MNSCU head’s $50,000 bonus a problem
It was recently reported the erstwhile Minnesota State College and University System chancellor was receiving a $50,000 bonus for work he did in his final year as the head of the system. That was the maximum that could be given under his contract.
We certainly have taken issue with the lavish bonuses MNSCU has felt it needed to award leaders of the system previously. And, we also can’t argue that former chancellor James McCormick’s deal was illegal. There was a clause that allowed for a bonus.
But even the chairman of the Board of Trustees admitted awarding bonuses is a discretionary thing, not required.
It’s easy to give bonus money to others, especially when that money is not yours. Instead, it’s the tax dollars of Minnesota citizens and the always rising tuition from the pockets of students that support the discretionary gift, which is a lot more than some hard-working Minnesota families make in a year.
The issue isn’t that McCormick’s contract called for a bonus. It wasn’t that he was given the bonus, amid cries of protest from union employees. The problem is that MNSCU doesn’t realize there’s a problem.
McCormick was the same leader who advocated — some might even say encouraged — lawmakers to enact the largest MNSCU funding cuts in the state’s history. While students struggle to keep up with rising costs and the individual campuses scramble to make do, the trustees of MNSCU continue to hand out bonuses like parade candy.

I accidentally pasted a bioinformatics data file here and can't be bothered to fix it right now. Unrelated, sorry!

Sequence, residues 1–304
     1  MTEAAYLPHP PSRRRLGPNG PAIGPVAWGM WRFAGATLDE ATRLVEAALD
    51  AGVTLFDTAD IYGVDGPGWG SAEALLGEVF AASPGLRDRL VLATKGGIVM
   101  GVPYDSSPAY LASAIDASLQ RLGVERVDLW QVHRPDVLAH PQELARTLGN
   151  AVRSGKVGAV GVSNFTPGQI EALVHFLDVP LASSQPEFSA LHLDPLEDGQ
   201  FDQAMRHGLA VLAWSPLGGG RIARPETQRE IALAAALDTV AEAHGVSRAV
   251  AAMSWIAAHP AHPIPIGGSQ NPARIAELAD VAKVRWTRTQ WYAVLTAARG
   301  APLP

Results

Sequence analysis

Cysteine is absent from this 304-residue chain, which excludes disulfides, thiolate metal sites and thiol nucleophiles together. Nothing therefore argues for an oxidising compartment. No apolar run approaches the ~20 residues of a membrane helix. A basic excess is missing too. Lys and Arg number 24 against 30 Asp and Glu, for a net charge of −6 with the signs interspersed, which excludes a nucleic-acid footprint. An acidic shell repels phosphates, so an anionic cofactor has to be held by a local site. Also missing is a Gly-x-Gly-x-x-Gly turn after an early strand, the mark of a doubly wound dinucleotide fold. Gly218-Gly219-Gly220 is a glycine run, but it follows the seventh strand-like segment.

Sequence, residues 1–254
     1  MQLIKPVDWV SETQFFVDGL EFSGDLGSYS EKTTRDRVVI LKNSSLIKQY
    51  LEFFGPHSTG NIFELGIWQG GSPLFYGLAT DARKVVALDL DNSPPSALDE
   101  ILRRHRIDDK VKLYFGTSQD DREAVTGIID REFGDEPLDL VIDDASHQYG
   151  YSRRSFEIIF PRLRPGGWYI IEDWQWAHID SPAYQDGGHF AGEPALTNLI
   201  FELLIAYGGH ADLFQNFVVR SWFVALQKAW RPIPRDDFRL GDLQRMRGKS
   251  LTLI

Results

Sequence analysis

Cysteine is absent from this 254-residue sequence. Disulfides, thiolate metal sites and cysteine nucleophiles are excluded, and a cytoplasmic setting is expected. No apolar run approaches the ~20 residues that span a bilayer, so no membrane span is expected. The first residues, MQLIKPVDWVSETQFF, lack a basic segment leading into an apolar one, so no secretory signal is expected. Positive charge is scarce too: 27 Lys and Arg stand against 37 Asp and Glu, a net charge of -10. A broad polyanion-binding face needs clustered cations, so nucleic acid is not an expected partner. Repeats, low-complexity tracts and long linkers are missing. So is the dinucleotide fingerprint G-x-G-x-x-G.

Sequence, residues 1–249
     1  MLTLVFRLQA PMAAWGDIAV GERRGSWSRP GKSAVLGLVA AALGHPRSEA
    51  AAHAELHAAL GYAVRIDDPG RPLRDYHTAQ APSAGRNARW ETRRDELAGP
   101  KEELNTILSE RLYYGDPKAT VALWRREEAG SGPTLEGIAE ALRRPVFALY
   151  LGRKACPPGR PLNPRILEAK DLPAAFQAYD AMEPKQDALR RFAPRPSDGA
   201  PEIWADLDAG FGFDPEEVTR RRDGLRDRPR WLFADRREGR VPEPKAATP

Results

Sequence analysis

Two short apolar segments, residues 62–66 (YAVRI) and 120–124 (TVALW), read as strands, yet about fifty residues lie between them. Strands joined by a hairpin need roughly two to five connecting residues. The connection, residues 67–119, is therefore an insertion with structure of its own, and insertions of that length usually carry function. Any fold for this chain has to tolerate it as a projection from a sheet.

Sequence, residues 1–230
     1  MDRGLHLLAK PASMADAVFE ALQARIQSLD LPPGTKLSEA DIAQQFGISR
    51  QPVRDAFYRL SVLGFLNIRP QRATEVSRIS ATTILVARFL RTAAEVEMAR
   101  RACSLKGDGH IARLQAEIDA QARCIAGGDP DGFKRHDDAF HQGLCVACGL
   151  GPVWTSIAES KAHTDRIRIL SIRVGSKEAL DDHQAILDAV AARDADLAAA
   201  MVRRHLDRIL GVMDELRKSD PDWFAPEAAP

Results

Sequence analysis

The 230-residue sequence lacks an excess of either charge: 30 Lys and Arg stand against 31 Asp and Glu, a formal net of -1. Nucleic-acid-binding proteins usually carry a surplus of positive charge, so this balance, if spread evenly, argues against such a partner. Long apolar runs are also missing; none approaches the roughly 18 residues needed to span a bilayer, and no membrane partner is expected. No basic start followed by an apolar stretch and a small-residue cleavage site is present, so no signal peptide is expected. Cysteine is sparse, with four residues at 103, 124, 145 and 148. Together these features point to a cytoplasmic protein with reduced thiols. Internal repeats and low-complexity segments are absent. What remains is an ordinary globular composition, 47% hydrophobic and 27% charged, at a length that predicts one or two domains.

This is another one of many reasons the work of the Legislature remains largely unfinished after the special session. Until the largest university system in the state understands it needs to make radical and meaningful changes to an otherwise bloated and distracted system, MNSCU will continue to do the wrong thing for the wrong reasons.
It’s called accountability.
Someone needs to stop the bonus plan. You can’t convince us that in these spartan times for administrators that bonuses are the deal breakers. You can’t convince us the only way to attract a superior candidate to run a campus is through the bonus system. Moreover, the longer MNSCU trustees spend working on matters that cost students money rather than save it, the further behind the campuses might fall.
McCormick’s folly isn’t some kind of cautionary tale about doling out bonuses.
Instead, it just shows that from the trustees on down, the central office believes the students and taxpayers are there to serve them, rather than the system serving the students.
If MNSCU can’t order its own house, can the Legislature?
Now there’s a scary thought.
— Winona Daily News